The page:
Essential New Music: Joys Union Group’s “Boredom Euphoria”

The impatient may read the name of this LP and ask, “Well, which will it be?” How does one reconcile boredom and euphoria? Hold your horses. Surely, we’ve all learned a bit about that in the last couple years. Once you have subdued your fidgety self, you can consider the strategy proposed by Joys Union Group’s combination of vintage electric jazz, cassette-era new age, analog art rock (Germanic division) and homegrown indie twang. Do not to rely too much on any one element; instead, break it all down into parts that are big enough retain an identifiable flavor, but are easy to stir together.

This method may reflect the instrumental combo’s diverse membership. Neil Lord, Michael C. Sharp and Dailey Toliver—whose associations encompass Future Museums, Sungod and chanteuse Molly Burch’s backing band—are all multi-instrumentalists. Flute player Kristine Reaume is the only specialist, which may explain why she asserts a defining influence on the music whenever her amply echoed instrument moves into the front line. Otherwise, reverb takes precedence over individual personality as Joys Union Group tosses together pithy guitar leads, plush keyboard sounds and propulsive percussion into chunky stylistic salads.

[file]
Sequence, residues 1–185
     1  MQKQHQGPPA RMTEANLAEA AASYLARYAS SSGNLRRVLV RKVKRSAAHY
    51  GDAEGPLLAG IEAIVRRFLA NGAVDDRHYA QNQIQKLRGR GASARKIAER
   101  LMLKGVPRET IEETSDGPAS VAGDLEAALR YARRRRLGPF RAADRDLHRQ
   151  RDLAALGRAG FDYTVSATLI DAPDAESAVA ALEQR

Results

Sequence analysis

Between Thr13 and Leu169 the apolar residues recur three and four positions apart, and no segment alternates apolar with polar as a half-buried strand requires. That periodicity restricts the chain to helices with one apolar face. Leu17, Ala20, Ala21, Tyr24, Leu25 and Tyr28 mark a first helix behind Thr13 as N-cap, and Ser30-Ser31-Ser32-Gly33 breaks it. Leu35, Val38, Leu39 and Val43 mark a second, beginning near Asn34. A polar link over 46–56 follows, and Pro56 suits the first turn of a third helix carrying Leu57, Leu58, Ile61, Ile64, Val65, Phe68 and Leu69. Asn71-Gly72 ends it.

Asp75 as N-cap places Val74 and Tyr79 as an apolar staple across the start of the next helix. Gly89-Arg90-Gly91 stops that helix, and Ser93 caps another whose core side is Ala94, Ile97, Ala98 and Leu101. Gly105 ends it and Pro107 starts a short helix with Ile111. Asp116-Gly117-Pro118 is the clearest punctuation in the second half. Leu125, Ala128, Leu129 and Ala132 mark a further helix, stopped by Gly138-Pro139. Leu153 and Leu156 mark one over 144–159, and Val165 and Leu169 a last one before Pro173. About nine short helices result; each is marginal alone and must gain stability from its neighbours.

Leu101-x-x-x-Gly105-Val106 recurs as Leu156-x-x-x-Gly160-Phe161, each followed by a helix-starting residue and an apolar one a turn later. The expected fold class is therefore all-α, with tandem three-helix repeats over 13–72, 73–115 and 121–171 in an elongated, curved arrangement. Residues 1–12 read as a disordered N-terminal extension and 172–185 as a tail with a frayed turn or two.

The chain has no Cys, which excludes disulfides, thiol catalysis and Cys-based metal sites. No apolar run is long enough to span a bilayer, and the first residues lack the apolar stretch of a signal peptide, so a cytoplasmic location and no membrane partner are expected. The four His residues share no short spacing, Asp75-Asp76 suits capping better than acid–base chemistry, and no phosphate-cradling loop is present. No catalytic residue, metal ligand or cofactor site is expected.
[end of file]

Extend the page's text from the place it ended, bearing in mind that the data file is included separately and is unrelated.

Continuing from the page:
The title track (which, truth be told, sounds more euphoric than bored) could be mid-’70s jazz fusion, if fusion had decided to forego displays of ego in favor of dubby effects. “Portrero” could be Popol Vuh’s lost foray into Americana. And “Laughter In The Sky” could be a Maui-bound yacht rocker; although with windblown flute to the fore and no vocals, it turns into something less mundane and more joyous.

With the price of gas and the stress of flying being what they are, you may already be rethinking your travel plans. Put up your feet, and let Boredom Euphoria be your staycation soundtrack.

—Bill Meyer